During the Middle Ages Cunerakerk was an important pilgrimage site. The church has stored the relics of the Saint Cunera since the 8th century. The first church on site was dedicated to Petrus (before 11th century). In the 11th century the church was dedicated to Saint Cunera. A legend tells about her stay at the court of king Radboud in Rhenen. The church was built and enlarged in the 15th century. The tower was built from 1492 until 1531 and its design is inspired by the Domtoren in Utrecht.
Since the Reformation in 1580 the Cunerachurch is in use by the Protestants. The relics of Cunera are spread since then.
The church has often been damaged. In 1897 the tower burned and a restoration was done with a different spire (designed by Pierre Cuypers). During the next restoration in 1934 the roof burned down and during restoration of the roof a section collapsed. In 1940 the tower and church were damaged by war, and in 1945 it was again heavily damaged by the war. The building material used for subsequent repairs was so bad that in 1968 restoration of the tower was necessary again.
The rood screen of the choir was built in 1550 in the Renaissance style. It is one of the few rood screens still existing in the Netherlands. It is decorated with allegoric images of the three theological virtues: faith, hope and love. Part of the sculpture is gone. The choir stalls were cut in 1570.References:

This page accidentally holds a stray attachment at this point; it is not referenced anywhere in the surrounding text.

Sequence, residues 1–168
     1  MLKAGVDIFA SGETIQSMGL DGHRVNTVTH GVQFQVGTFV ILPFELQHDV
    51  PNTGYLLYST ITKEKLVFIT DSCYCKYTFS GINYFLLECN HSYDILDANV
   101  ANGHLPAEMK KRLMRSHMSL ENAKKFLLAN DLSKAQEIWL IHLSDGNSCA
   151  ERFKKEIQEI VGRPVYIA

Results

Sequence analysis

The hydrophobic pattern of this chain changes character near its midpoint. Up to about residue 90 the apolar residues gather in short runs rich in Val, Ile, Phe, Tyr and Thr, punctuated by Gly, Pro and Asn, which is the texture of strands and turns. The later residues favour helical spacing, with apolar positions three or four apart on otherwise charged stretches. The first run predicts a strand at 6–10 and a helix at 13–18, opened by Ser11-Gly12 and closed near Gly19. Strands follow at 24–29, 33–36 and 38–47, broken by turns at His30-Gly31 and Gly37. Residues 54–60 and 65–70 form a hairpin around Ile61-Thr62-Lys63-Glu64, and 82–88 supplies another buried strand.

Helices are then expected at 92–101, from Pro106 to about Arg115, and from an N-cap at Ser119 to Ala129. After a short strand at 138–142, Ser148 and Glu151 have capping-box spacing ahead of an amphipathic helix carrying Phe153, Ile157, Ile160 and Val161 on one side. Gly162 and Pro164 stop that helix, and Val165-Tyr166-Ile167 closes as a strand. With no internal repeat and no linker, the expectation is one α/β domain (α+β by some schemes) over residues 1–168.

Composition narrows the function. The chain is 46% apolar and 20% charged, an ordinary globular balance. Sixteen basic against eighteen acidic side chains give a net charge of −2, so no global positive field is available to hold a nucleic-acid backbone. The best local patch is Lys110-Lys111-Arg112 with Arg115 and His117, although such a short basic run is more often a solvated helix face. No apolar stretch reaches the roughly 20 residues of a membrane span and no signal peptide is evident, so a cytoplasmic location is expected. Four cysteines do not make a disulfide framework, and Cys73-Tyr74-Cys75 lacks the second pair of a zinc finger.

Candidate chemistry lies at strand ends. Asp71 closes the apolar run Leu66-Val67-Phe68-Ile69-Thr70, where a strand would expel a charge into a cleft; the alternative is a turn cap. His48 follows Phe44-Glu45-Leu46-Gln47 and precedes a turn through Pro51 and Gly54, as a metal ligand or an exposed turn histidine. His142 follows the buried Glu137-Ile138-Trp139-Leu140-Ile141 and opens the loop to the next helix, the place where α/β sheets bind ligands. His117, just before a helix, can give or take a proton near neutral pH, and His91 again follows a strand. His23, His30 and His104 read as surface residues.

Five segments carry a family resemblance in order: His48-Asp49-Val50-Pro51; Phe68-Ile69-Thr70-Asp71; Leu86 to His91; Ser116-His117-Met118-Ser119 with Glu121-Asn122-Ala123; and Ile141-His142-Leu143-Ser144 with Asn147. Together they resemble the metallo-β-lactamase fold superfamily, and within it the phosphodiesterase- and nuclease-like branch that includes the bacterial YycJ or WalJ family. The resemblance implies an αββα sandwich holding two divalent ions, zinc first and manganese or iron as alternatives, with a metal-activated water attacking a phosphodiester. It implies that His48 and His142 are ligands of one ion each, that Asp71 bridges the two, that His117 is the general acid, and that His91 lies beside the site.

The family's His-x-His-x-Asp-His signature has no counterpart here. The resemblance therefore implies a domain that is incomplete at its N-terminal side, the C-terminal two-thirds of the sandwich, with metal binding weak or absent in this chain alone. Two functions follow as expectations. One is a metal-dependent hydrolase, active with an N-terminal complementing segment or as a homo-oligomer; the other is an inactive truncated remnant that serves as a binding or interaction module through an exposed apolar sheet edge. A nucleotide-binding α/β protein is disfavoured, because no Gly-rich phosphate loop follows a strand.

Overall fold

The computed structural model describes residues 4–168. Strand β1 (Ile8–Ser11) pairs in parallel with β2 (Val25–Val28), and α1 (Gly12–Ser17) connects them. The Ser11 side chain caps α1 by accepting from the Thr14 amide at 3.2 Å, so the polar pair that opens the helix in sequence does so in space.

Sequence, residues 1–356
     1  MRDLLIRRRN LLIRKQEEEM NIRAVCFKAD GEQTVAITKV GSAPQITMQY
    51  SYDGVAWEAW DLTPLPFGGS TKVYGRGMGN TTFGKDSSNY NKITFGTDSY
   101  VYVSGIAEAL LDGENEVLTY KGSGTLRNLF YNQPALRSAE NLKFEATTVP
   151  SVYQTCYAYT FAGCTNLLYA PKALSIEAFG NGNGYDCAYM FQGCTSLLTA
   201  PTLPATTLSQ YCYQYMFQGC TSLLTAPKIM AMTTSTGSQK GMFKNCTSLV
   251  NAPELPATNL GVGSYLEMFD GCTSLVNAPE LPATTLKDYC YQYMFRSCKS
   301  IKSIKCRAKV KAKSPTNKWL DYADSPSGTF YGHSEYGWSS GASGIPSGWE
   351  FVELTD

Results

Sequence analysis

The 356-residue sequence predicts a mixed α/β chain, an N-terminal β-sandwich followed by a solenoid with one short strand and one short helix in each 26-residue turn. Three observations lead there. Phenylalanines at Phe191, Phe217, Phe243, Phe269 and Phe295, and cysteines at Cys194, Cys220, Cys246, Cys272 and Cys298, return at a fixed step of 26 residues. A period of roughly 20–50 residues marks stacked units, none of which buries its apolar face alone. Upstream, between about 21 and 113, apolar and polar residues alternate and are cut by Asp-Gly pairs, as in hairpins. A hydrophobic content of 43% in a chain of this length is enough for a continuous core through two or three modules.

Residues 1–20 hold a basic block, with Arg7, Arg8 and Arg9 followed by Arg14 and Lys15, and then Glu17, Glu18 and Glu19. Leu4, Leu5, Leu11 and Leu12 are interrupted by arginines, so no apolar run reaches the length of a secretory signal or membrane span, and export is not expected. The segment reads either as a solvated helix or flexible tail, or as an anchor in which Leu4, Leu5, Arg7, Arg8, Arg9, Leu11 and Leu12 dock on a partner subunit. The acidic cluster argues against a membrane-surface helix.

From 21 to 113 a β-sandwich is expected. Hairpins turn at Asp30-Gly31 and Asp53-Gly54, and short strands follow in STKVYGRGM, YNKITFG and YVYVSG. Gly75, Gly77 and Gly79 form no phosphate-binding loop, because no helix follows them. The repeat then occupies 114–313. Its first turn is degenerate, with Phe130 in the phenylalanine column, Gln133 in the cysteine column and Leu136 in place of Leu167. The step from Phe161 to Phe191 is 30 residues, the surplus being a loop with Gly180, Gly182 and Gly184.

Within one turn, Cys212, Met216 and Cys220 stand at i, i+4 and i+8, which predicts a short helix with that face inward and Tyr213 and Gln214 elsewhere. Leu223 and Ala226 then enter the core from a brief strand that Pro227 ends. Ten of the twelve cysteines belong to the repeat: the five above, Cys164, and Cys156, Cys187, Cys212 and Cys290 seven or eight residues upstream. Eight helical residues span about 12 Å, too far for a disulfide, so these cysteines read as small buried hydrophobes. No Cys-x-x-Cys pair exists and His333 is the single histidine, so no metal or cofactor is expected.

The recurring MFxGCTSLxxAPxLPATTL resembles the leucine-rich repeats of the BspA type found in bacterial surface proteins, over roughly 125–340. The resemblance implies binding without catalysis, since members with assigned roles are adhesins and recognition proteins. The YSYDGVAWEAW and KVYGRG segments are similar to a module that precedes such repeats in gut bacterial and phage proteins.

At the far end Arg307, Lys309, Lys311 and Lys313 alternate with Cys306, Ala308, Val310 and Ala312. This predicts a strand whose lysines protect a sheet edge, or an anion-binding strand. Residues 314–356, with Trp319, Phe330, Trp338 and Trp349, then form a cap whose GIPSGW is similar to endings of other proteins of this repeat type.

Narikala is an ancient fortress overlooking Tbilisi, the capital of Georgia, and the Kura River. The fortress consists of two walled sections on a steep hill between the sulphur baths and the botanical gardens of Tbilisi. On the lower court there is the recently restored St Nicholas church. Newly built in 1996–1997, it replaces the original 13th-century church that was destroyed in a fire. The new church is of 'prescribed cross' type, having doors on three sides. The internal part of the church is decorated with the frescos showing scenes both from the Bible and history of Georgia.
The fortress was established in the 4th century and it was a Persian citadel. It was considerably expanded by the Umayyads in the 7th century and later, by king David the Builder (1089–1125). Most of extant fortifications date from the 16th and 17th centuries. In 1827, parts of the fortress were damaged by an earthquake and demolished.